When the light of God’s moral Law (the Ten Commandments) exposes a sinner’s guilt, he will usually try to justify himself. The feeling of guilt isn’t pleasant, and so he attempts to shake it off by offering excuses.
Think of a child who is stealing cookies from the cookie jar in the darkness of night. When his dad turns on the light, he sees that the boy’s mouth is covered with chocolate, the lid is off the jar, and cookies are gone. The child is exposed and has two avenues: he will either admit his guilt, or he will attempt to justify himself.
We are all guilty of violating God’s Law (see Romans 3:23). We’ve been caught with our hand in the cookie jar, and therefore have two avenues: we can either try to cover our sins, or we can confess them. But here is the warning:
He who covers his sins will not prosper, but whoever confesses and forsakes them will have mercy (Proverbs 28:13)
The light of the Law awakens another light — the sinner’s dormant conscience:
They show that the essential requirements of the Law are written in their hearts; and their conscience [their sense of right and wrong, their moral choices] bearing witness and their thoughts alternately accusing or perhaps defending them… (Romans 2:15, AMP)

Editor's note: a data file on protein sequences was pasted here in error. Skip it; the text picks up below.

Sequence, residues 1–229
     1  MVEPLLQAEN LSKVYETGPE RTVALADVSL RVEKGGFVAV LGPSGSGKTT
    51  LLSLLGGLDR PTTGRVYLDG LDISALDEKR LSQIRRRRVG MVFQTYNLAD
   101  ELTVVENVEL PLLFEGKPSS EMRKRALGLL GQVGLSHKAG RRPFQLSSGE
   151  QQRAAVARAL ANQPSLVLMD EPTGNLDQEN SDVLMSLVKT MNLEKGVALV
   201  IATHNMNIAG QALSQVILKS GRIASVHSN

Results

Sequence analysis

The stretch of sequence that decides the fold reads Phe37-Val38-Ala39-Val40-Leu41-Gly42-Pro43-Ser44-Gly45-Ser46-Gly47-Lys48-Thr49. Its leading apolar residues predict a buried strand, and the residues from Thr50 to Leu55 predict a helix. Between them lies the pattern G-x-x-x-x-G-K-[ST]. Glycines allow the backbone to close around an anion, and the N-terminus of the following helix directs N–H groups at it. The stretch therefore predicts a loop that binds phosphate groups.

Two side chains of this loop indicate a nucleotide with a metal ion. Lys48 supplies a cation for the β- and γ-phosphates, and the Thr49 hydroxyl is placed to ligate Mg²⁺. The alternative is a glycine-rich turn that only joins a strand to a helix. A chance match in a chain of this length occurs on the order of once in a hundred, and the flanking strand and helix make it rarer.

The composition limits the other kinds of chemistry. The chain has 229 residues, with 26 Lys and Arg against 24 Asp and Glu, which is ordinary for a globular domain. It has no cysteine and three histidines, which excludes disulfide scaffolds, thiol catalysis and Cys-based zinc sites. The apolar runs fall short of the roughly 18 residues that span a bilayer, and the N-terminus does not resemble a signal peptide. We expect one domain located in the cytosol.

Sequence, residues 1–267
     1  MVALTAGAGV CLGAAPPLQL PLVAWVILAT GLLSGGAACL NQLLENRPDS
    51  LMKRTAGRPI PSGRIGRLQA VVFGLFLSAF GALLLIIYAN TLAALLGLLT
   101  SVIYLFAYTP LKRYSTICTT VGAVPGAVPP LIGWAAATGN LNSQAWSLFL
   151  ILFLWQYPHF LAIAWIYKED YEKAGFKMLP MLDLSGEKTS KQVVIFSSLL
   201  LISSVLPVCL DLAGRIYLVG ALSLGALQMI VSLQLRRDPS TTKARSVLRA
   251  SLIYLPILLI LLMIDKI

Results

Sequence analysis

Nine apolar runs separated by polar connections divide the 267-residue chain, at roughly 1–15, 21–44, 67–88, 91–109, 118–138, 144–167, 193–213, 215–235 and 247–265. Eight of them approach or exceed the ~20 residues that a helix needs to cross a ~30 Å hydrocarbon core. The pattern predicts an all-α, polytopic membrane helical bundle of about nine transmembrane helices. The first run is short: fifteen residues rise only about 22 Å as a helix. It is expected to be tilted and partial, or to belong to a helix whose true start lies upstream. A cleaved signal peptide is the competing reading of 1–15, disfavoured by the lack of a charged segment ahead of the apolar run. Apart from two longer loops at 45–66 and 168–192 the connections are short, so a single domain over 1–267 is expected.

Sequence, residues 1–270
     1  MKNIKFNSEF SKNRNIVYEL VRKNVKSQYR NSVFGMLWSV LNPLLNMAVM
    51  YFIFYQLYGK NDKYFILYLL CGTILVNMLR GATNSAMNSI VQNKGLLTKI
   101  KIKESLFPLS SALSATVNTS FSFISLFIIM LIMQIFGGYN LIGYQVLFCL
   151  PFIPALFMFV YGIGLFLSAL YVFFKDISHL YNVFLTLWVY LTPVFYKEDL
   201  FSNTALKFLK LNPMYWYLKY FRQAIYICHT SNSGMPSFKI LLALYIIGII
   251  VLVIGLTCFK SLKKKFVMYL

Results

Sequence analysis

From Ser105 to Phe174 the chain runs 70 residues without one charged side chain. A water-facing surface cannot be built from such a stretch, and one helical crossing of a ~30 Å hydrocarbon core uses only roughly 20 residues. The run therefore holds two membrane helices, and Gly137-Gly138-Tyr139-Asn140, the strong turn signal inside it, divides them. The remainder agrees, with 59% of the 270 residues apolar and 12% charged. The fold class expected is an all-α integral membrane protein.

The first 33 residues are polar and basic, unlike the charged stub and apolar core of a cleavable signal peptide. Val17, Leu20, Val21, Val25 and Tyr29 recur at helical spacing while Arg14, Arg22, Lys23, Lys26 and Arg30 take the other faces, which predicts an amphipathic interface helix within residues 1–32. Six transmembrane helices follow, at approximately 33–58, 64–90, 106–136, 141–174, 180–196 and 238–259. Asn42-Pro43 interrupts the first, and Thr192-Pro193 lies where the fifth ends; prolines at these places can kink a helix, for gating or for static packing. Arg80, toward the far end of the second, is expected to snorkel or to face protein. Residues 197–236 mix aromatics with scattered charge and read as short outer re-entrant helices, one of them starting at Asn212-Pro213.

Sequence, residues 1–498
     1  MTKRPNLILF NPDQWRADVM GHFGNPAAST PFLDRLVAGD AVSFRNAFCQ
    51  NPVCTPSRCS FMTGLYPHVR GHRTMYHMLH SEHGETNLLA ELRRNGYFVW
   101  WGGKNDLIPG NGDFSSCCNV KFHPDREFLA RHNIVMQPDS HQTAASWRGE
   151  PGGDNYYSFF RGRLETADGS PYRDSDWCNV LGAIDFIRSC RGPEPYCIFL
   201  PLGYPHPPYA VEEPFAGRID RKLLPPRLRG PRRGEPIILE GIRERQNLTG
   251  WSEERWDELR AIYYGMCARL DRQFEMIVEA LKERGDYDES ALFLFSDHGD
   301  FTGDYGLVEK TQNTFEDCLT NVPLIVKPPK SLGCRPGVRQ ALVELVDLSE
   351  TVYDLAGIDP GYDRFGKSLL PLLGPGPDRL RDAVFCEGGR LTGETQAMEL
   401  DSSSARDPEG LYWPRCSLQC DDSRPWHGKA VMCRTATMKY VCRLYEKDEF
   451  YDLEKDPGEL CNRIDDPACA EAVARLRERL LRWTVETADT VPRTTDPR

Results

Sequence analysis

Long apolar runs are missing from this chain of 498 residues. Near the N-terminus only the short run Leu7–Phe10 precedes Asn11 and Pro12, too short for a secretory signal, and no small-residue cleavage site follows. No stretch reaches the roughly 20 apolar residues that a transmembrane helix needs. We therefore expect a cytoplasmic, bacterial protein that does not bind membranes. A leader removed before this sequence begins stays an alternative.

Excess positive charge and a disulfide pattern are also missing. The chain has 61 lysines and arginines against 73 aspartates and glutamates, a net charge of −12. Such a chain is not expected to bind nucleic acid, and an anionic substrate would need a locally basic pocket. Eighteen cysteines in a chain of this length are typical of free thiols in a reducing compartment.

In other words, the conscience bears witness to the Law. It is a witness for the prosecution, and it will fight for the case of his guilt.
After the apostle Paul explains this relationship of the Law and the conscience, he shows how to use the Law to bring the knowledge of sin:
You who preach that a man should not steal, do you steal? You who say, “Do not commit adultery,” do you commit adultery? (Romans 2:21,22)
You’ve just asked a sinner similar questions and he’s admitted that he’s a liar, a thief, a blasphemer, and an adulterer at heart. The light is on. His hand is clearly in the cookie jar. His conscience therefore begins to do its duty, and as it accuses him, he will predictably try to justify himself.
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SOURCE: Christian Post, Ray Comfort